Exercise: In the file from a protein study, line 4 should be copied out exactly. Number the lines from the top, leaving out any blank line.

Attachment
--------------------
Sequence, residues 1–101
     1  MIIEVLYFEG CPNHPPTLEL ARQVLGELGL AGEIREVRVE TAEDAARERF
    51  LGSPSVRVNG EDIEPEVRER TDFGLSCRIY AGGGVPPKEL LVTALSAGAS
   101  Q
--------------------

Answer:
   101  Q